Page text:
Pokemon Go: A Look at Virality, Being Technologically Outdoors and Server load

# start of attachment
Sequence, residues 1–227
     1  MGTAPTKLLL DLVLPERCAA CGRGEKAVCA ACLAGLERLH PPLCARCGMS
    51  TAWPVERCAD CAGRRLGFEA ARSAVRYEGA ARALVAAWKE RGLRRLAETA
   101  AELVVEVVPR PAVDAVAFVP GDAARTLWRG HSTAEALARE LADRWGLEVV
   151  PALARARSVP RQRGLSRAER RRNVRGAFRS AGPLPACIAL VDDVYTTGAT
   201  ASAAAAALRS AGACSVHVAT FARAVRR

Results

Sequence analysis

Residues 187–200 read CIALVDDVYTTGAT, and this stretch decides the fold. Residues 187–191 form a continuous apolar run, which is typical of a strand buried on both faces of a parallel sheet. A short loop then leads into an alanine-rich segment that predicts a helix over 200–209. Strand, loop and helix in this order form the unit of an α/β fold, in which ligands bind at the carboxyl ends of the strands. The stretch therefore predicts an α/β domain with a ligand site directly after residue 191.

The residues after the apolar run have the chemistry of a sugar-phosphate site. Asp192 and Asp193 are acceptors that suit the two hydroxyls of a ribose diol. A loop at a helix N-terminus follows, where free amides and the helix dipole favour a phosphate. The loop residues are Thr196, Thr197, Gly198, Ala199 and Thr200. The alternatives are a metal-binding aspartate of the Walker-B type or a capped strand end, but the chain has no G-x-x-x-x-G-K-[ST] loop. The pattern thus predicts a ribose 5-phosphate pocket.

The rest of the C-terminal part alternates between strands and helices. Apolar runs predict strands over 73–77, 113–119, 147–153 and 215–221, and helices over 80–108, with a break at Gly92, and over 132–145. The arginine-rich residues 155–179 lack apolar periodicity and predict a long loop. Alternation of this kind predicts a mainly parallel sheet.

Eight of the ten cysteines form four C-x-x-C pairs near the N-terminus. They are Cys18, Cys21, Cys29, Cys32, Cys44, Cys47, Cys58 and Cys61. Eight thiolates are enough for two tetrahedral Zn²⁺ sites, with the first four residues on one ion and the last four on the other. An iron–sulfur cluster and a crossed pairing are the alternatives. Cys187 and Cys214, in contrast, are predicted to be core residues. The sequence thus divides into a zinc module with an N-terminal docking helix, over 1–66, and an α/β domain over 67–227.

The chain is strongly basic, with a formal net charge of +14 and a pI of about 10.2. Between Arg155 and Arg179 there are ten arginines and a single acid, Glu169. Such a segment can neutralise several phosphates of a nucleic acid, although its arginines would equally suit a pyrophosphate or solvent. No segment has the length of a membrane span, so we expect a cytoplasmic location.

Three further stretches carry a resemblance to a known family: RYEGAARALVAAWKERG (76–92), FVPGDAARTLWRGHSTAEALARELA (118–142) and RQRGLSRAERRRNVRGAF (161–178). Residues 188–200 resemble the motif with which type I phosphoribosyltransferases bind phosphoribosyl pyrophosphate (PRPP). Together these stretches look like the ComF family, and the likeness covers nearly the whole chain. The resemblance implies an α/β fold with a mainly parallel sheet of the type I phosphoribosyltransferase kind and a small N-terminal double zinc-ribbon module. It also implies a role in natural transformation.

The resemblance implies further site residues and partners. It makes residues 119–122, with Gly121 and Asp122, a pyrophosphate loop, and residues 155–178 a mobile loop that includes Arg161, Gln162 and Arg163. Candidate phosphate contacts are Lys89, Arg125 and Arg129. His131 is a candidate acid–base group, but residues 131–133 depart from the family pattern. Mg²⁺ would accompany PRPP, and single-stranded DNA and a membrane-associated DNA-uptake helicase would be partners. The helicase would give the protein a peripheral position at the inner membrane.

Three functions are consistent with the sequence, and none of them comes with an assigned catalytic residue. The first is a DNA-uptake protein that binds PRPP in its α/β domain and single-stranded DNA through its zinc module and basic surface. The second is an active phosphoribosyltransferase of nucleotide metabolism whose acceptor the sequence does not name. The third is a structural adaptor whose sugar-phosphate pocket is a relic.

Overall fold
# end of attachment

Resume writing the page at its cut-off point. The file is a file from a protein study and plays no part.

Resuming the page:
Pokémon Go has been out for a full week now, and although it has seen its fair share of issues, it seems everyone has caught the Pokémon bug. Pokémon gained popularity in the 1990s originally as Game Boy games and quickly spread to videos, cards, toys, and books. It’s the second most successful video game franchise behind the Mario franchise, and for good reason. Pokémon uses the freemium model, providing a free download, with the option to buy coins and other sundries within the app for pay. With the release of Pokémon Go, cities everywhere are now dotted with head-down, phone-equipped, battery-draining Go players. Pokémon Go has even taken over the Pyxl office, prompting a dedicated #pokemon Slack channel, as well as regular hikes across the office from “the side with the two Pokéstops” to “the side with the Gym.” At least two groups even made an afternoon break run to “get coffee” or “take a walk” in the guise of collecting a few more pokéballs or catching those elusive Pokémon. Every direction you looked, you could spot a Pokémon Go player “technologically outside” in Downtown Knoxville today. Groups of 3-4 face-in-phone players wandered the streets and alleys, crossing traffic without notice. The Tennessee Department of Safety was quick to respond, urging players to “Wait to Go until you’ve STOPPED.” There have been numerous reports of players who have tripped, stumbled, and walked into objects while being glued to their phone. The dangers stretch farther than self-injury, however. Armed robbers used Pokémon Go as a way to lure in potential victims with the aptly named “lure module.” A lure brings in more Pokémon for players to catch, and when one is visible on a map, players tend to trend towards those locations, especially if they are in more remote areas where these lures aren’t as common. Police have warned players to make sure they aren’t going anywhere alone they wouldn’t normally go, and to make sure they have good situational awareness of what’s around them. While everyone seems to be loving the new augmented reality app, that isn’t to say it hasn’t seen its fair share of problems. It has been riddled with server issues since launch, still being experienced currently. Amazon’s CTO even reached out to the Pokémon Go developers via Twitter to offer help. With an application of this scale and size, it’s difficult to imagine being in the situation of scrambling to correct the server issues after the fact. At Pyxl, we always recommend being proactive with upcoming launches, making sure the application and server stack can scale higher than anticipated traffic. We also suggest doing slow or phased rollouts based on geography, membership or some other criteria that can control the amount of traffic coming into the app. If you have an idea for a viral application or web property that you think might could draw in hordes of addicts looking to catch just one more, Pyxl would love to chat about how to build and scale that to a reality.